To me, the turning point was clearly the next step he took after that. He went to become an assistant under Rick Majerus at SLU, where he was also associate head coach for his last 3 years there, being mentored by a savant like Majerus. I've watched a few games this year and they are a very pleasing team to the eye on top of the success they're having. They play Majerus type basketball, where everyone moves as if with one brain, and the team is significantly more than the sum of its parts. The offense generates excellent looks, and the defense is high quality top to bottom. It's clear that the whole team has buy-in. Those types of squads are my favorite part of following college hoops. After a rough start to his Loyola tenure, he has the program cooking. The past 4 years they have gone 15-3, 12-6, 13-5, and now 8-1 in conference play. He clearly knows how to coach in tournament environments (4-0 in CBI - yes, I know, CBI - and 4-1 in NCAA tourney). His teams don't shrink in big moments, they appear to relish them.

He has clearly learned from past failures and has layered in wrinkles of his diverse coaching experience with a huge hat tip to MU legend Rick Majerus. He has extensive Jesuit experience (Creighton, SLU, Loyola), is a Chicago native, and would be a perfect fit at MU from the standpoint of the admin's focus on quality character, his midwest roots, and most of all the ability to get more out of a team than the talent level on the roster. At age 52 I feel like he'd be here until the day he retired (potentially 15+ years) while stacking up successful seasons along the way.

If Wojo & MU end up parting ways at the end of this season for one reason or another, put me officially in the Porter Moser camp (something I never thought I'd say 2-3 years ago).
« Last Edit: January 27, 2021, 12:52:46 PM by Ellenson Family Reunion »

NickelDimer

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Re: MU Coaching Candidates
« Reply #337 on: January 27, 2021, 01:04:46 PM »
I know plenty about you. After every loss, or narrow win, or any other basketball result that you take as a personal affront, you come on here with your hair on fire.

As I said ... do something about it. Or just keep whining here. You be you.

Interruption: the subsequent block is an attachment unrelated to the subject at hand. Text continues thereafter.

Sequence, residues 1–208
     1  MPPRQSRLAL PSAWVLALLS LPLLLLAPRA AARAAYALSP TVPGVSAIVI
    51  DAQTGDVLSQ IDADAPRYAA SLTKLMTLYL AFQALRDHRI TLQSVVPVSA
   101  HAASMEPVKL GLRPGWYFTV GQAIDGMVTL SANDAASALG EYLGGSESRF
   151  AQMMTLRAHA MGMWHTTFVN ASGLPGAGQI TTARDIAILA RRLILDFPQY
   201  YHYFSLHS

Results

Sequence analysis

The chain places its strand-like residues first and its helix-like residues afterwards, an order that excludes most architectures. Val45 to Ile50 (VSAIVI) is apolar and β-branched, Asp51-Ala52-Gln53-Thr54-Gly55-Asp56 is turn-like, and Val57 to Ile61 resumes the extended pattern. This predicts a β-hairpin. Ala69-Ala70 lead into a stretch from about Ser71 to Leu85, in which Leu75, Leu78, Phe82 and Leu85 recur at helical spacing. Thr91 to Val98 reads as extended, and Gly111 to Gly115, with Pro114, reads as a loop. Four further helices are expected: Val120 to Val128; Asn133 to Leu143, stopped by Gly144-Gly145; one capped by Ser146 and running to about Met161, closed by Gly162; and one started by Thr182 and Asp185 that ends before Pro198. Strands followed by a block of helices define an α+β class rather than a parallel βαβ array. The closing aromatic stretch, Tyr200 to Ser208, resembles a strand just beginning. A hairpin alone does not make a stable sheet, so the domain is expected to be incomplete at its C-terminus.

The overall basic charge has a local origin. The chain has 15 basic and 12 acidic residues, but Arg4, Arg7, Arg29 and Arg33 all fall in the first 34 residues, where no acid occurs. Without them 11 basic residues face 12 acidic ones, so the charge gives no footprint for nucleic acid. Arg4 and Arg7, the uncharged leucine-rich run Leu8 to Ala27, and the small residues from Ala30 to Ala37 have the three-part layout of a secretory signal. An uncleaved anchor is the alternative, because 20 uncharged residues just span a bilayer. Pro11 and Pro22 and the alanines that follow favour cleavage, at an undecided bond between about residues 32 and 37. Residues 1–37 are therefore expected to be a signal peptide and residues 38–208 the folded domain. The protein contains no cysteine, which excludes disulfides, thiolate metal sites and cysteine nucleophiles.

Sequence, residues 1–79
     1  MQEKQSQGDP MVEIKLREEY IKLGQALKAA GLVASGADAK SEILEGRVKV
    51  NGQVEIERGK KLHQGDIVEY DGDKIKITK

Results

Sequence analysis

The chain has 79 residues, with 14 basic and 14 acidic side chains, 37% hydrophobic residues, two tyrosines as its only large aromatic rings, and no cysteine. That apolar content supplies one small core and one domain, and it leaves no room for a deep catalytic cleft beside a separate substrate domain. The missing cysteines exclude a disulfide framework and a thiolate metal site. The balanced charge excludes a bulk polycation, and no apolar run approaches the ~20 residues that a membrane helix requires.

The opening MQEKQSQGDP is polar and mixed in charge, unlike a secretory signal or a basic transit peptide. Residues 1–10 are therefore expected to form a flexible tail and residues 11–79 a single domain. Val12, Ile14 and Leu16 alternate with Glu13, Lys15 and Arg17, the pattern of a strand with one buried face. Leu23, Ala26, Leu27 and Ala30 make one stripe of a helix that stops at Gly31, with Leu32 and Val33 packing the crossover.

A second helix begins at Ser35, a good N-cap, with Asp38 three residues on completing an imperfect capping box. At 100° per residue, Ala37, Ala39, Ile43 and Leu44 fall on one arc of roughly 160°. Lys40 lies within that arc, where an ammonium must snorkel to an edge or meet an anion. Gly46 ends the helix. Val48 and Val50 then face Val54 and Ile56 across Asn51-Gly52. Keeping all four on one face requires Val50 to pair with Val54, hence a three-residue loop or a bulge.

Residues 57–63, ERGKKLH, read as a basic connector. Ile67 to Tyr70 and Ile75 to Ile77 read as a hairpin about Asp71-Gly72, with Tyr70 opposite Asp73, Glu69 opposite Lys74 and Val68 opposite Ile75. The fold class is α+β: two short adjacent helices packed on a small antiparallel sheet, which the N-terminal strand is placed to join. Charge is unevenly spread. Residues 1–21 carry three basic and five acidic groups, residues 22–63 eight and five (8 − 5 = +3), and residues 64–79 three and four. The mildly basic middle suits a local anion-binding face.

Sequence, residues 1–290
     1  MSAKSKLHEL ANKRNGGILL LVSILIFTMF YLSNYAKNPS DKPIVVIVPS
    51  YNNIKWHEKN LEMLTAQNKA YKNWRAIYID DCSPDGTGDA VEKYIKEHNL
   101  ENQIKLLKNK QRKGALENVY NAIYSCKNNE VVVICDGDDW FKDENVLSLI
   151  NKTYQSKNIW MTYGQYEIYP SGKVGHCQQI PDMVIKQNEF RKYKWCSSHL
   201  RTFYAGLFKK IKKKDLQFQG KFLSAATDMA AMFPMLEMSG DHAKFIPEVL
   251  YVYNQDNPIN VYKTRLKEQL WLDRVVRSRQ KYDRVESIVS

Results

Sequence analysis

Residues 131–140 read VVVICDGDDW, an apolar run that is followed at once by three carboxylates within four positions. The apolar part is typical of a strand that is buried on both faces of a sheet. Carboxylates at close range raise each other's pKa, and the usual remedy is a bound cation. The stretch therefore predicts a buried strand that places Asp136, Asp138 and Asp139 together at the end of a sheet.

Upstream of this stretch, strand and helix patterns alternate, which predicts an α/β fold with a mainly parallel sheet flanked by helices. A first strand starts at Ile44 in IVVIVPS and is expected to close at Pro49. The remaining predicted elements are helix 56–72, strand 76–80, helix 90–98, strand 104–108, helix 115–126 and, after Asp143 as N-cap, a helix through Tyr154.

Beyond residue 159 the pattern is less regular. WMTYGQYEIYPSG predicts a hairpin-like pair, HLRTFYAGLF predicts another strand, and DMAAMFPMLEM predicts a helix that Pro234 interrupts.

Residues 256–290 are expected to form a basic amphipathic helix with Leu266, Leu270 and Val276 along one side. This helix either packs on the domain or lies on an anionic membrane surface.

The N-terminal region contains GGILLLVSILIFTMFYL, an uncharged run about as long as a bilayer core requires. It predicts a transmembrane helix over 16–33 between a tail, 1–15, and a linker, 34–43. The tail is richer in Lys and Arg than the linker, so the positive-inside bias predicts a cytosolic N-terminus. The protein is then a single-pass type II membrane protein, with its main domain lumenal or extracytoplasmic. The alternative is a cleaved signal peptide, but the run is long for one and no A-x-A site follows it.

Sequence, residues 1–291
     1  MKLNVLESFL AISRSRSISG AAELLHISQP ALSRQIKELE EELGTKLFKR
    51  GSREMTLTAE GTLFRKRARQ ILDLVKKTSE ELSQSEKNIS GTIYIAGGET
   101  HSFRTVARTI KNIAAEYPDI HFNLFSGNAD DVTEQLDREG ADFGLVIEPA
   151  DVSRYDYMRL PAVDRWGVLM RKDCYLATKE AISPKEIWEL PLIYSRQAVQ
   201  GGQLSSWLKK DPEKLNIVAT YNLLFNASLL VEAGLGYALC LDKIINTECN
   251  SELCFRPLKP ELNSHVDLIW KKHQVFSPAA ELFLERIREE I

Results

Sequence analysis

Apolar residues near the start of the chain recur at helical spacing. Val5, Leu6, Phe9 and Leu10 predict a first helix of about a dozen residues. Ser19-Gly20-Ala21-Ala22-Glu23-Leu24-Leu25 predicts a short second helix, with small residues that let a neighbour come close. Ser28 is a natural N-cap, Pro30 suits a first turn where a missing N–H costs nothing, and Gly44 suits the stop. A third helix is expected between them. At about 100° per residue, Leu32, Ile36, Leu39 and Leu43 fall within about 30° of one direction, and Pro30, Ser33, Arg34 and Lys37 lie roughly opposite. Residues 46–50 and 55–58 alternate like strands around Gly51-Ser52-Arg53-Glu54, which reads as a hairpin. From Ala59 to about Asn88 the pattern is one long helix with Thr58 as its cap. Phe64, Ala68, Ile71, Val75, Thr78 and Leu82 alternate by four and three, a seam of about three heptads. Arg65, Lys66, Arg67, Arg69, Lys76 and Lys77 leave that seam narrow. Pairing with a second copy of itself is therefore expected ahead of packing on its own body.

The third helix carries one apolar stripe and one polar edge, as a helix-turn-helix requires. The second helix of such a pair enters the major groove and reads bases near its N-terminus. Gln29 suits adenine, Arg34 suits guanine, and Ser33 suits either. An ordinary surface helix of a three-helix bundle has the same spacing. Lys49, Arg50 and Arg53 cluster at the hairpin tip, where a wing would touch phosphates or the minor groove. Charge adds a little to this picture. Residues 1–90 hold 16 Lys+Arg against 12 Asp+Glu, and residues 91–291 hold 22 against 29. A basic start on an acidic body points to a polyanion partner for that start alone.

Listen, I know you spend much of your time engaging in spats on here with the emotional control of a teenybopper, but it’s time you move on because I’m not interested.
G.T.S.T

GoldenWarrior11

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Re: MU Coaching Candidates
« Reply #338 on: January 27, 2021, 01:39:45 PM »
I was a very big Nate Oats proponent in the 2019 cycle had Wojo gone the rumored UNLV/VA Tech route after the Hauser debacle. At the same time, I was also skeptical of Porter Moser, since if you look at his track record on the surface, he seemed to be a flash in the pan.

However, I would embrace him with open arms now should the opportunity arise.

The thing I think Wojo suffers from the most is he only had experience in one system prior to MU, both as a player and a coach. On top of that, he had never truly experienced failure as a coach. He seems to be trying to bang a square peg (the Duke superstar system) into a round hole (need to get more from the whole than the sum of the parts at MU).

Again, I loved that Loyola run in 2018, loved how the guys seemed to play with one brain, loved how they cut without the ball, and loved how they defended. But I looked at Moser's track record heading into that and thought it was a fun fluke. Using this year's success as an additional data point, what seems obvious to me is that it has "clicked" for him, and the 2018 run was not a fluke.

I see it referenced often here that it takes a long time for some coaches to figure it out. And I think that's true! But I also think diversity of experience, and diversity of coaching mentors plays a big factor.